The individual citizen needs the safeguard of the Courts in the assessment of punishment as much as his trial for the offence.
By analogy from this, it follows that, if the Oireachtas can constitutionally prescribe mandatory sentences, it may also prescribe certain other rules to govern the sentencing process. It is important to emphasise that such rules can only be in the nature of parameters, within which judicial discretion may operate.
What the then Chief Justice emphasised in Deaton was the principle that the legislature cannot retain or transfer what properly lies in the judicial domain. The legislature states a general rule; the application of that rule is for the courts. The degree of punishment which a particular citizen is to undergo for an offence is a matter which may vitally affect his liberty; the identification of the degree of punishment is a function of the administration of justice. The Chief Justice considered that it was:
.... inconceivable to my mind that a Constitution which is broadly based on the doctrine of the separation of powers — and in this the Constitution of Saorstát Éireann and the Constitution of Ireland are at one — could have intended to place in the hands of the Executive the power to select the punishment to be undergone by citizens. It would not be too strong to characterise such a system of government as one of arbitrary power ....
In my opinion the selection of punishment is an integral part of the administration of justice and, as such, cannot be committed to the hands of the Executive ....
The further identification of these separate roles continued in cases which further delineate powers ascribed by the Constitution of 1937. These judgments invalidated any forms of sentence or penalty which bore the hallmarks of the royal prerogative or a role for the executive in the determination of the sentence to be imposed in a criminal case.
The State (Sheerin) v Kennedy invalidates a ministerial discretion in the selection of the terms of detention
Three years after Deaton, in State (Sheerin) v Kennedy  I.R. 79, this Court had to consider a statute which vested in the Minister for Justice the power to transfer “incorrigible” juvenile offenders from St. Patrick’s Institution to Mountjoy Prison, and then to decide whether the offender thus transferred should undergo hard labour or not. The Prevention of Crime Act 1908 actually vested a discretion in the Minister as to the precise nature, and the place where the punishment was to be imposed. This Court condemned this purported discretion as constitutionally impermissible. This discretion was held to be a remnant of the royal prerogative which had been eliminated by the Constitution of 1937. Again, one can see that one of the matters in issue was that the Act allowed the executive to determine punishment in an individual case rather than in a category or class.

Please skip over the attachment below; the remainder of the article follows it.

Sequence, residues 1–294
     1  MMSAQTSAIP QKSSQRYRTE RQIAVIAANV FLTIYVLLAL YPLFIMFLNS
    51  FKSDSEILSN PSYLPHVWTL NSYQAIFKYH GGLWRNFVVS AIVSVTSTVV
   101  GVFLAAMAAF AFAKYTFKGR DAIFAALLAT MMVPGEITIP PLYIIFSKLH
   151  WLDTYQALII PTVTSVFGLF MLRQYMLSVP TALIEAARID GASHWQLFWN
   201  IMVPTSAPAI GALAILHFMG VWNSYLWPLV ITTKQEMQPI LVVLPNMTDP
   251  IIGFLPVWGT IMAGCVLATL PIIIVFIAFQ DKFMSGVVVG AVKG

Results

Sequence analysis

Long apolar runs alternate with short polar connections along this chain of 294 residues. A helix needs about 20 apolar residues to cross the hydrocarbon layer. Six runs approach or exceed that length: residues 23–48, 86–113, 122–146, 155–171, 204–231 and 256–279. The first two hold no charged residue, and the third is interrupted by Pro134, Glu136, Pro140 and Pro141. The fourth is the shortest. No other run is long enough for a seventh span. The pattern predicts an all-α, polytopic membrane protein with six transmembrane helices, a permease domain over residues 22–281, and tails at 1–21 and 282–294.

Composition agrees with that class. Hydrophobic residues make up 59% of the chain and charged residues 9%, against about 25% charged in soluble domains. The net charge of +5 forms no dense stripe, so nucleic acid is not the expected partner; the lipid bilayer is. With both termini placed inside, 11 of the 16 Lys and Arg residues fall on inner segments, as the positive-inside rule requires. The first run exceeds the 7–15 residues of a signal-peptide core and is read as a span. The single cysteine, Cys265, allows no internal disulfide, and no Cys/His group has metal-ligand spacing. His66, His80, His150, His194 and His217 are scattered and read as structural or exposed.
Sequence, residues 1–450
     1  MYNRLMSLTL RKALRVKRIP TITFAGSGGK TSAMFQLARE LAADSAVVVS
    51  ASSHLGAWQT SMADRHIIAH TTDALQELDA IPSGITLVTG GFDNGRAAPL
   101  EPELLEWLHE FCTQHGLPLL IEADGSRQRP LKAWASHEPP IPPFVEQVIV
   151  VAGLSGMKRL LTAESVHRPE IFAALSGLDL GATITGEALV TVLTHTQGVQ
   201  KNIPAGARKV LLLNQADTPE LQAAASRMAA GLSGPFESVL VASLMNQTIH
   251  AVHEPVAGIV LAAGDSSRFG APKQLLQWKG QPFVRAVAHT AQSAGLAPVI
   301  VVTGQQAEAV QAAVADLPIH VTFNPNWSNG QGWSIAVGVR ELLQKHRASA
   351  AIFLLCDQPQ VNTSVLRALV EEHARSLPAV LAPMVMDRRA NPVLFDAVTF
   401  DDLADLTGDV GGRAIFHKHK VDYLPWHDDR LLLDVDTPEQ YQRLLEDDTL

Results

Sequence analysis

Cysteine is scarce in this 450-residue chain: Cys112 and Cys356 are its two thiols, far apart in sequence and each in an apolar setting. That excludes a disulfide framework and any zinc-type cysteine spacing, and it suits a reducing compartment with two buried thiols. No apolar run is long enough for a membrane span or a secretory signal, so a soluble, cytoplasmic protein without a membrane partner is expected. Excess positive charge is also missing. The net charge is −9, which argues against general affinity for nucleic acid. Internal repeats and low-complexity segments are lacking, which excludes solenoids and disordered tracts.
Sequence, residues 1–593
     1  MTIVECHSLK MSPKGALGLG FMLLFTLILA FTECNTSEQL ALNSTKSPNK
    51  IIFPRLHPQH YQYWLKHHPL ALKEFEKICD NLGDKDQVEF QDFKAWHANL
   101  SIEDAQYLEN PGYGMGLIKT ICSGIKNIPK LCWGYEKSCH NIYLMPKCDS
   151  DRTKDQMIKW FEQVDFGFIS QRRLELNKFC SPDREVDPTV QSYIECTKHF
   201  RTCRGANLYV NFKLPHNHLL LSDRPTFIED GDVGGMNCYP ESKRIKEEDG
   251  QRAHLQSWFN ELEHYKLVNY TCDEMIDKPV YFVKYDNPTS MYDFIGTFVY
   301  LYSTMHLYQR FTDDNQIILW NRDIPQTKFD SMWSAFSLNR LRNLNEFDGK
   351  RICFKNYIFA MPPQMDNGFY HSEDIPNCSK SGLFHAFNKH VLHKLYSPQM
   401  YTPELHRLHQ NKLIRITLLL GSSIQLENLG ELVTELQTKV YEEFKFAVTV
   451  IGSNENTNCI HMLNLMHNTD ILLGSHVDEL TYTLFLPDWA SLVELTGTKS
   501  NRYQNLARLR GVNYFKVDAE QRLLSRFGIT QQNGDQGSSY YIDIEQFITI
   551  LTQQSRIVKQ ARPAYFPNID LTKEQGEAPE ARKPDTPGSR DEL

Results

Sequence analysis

The State (O.) v O’Brien condemns detention “during His Majesty’s pleasure”
In The State (O.) v O’Brien  I.R. 50, where a minor detained under a section of the Children’s Act 1908 was ordered to “be detained until the pleasure of the government be made known concerning him”. This Court condemned this form of order. Walsh J. pointed out that the formula, “during His Majesty’s pleasure”, deployed in the statute of 1908 was constitutionally impermissible and that:
.... the effect of the constitutional changes since 1922 had been to vest the exercise of all judicial power in the Courts save where expressly otherwise provided for in the constitutional provisions themselves.
The distinction in Osmanovic v D.P.P.
More recently, issues quite akin to Deaton arose in Osmanovic v. The Director of Public Prosecutions  3 I.R. 504. The question there was again whether the legislature had transgressed into the judicial domain by fixing a penalty contrary to the separation of powers doctrine. Section 89(b) of the Finance Act 1997 amended s. 186 of the Customs Consolidation Act 1876. The impugned section provided inter alia, that the penalty for conviction on indictment on charges of illegal importation of goods was to be a fine of treble the value of the goods, including the duty payable thereon or €12,700, which ever was the greater; or at the discretion of the court, imprisonment for a term not exceeding five years, or both the fine and the imprisonment.